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Hilde Cheroutre, Ph.D.
Professor
Center for Autoimmunity and Inflammation, Center for Cancer Immunotherapy
"Rather than figuring out how to treat disease, I’d like to understand how to prevent it. It would be a wonderful thing if we could stop terrible diseases before they have a chance to do any damage."

Overview

Hilde Cheroutre, Ph.D., and her team are studying the development, function, and regulation of white blood cells, a type of T lymphocytes. The laboratory is investigating how the immune system provides protection at “interfaces,” or places where the outside world comes in contact with the inside of the body, such as skin, lungs, mouth, and the largest surface of all, the intestine.

Studying how the immune system works in the intestine is of particular interest because the immune system has to be able to distinguish pathogenic antigens from harmless food peptides and bacteria. The laboratory is investigating how the immune system succeeds in differentiating between the two and what causes the system to fail, allowing the antigens to invade the body.

The lab’s research has been expanded to studying immune memory cells that resist re-entering pathogens or cancer cells. Tumor cells produce tumor antigens, which are cell surface proteins that differ from the proteins expressed by the surrounding normal cells. White blood cells recognize and destroy these transformed cells. Some of these tumor-fighting white blood cells go on to become immune memory cells. These are long-lived cells that activate immediately when they re-encounter tumor antigens, in the case of metastasis or re-occurrence of the tumor.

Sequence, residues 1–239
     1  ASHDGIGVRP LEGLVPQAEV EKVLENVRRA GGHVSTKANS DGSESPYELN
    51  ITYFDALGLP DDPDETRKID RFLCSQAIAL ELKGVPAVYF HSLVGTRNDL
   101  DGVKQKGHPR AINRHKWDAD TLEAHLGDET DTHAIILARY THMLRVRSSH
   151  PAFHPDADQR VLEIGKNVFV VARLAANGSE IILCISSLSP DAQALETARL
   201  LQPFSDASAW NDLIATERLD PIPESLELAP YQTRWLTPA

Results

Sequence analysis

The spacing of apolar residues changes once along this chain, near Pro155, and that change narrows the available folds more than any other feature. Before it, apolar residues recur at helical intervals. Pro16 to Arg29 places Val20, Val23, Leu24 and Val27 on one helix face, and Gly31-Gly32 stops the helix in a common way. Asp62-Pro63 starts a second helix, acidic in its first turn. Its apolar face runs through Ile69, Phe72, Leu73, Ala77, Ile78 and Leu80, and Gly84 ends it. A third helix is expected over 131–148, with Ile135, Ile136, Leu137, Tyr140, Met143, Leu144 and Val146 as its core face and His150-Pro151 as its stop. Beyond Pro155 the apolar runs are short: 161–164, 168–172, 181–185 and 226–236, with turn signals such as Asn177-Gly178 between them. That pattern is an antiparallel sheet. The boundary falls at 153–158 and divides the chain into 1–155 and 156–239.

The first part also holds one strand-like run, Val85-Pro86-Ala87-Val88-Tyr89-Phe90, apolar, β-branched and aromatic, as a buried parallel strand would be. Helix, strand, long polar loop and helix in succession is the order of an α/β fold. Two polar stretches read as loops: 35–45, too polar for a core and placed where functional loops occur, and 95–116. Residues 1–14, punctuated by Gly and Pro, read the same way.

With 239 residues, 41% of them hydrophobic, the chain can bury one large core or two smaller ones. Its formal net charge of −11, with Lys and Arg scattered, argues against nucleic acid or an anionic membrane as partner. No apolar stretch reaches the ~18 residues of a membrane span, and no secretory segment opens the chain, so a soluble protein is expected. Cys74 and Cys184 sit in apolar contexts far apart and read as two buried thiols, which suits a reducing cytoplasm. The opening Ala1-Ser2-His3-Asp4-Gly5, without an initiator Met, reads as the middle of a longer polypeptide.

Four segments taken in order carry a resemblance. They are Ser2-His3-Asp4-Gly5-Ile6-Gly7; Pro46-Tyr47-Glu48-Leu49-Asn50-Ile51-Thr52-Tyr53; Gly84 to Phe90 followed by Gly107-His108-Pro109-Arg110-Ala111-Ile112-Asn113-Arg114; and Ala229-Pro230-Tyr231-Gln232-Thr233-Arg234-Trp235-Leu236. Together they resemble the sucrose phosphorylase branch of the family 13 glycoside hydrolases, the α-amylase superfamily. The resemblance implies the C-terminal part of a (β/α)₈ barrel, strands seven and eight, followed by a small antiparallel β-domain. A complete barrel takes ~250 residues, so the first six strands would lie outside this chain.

Understanding the function of immune memory T cells will help in the development and improvement of effective vaccines. At the same time, the ability to specifically eliminate these cells is a key requirement in the therapeutic intervention against autoimmune diseases and the rejection and/or destruction of host tissue following transplantation.

Lab Members

AC
HC
HI
SL
CL
IT
NT
GV

Research Projects

Cheroutre
CD4+ Cytotoxic Lymphocytes

MHC class-II restricted CD4+ T cytotoxic cells (CD4 CTL) are among the best examples of extreme measures the immune system

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Cheroutre
Mechanisms Involved in The Generation of High Affinity Effector Memory T Cells

A hallmark of immune memory is that repeated infections are met with accelerated or/and enhanced protective immunity. Furthermore, unlike naive

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Cheroutre
Mucosal CD4- CD8- T Cells

One large subgroup of specialized T cells is encompassed by the intraepithelial T cells which are located in the epithelium

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Cheroutre
Regulation of mucosal immunity by stromal cells and dendritic cells crosstalk in the gut

Genetic regulation by vitamin A is involved in multiple biological processes such as embryonic development, vision, and immunity. To exert

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Cheroutre
Role of Pre-TCR Signaling in Central Tolerance and Autoimmunity?

Autoimmunity is a self-destructive disease condition mediated mainly by pathogenic selfreactive αβ T cell receptor (TCR) expressing T lymphocytes. Self-tolerance

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Cheroutre
T Cell Function

We are now trying to elucidate the regulatory functions displayed by the self-specific agonist selected T cells and their role

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more research projects

From the lab

Oct 13, 2016 Immune Matters
Q&A with Hilde Cheroutre

Hilde Cheroutre, Ph.D., Professor and Head of the Division of Developmental Immunology, always felt drawn to nature. Growing up in

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Awards & Honors

  • NIH Director’s Pioneer Award Recipient 2009
  • UCSD Warren Foundation Celiac Disease Grant
  • Cancer Research Coordinating Committee Fellowship from the State of California
  • University of California, Los Angeles Tumor Cell Biology Training Grant
  • Markey Foundation Postdoctoral Fellowship
  • NATO Postdoctoral Fellowship (Awarded Twice)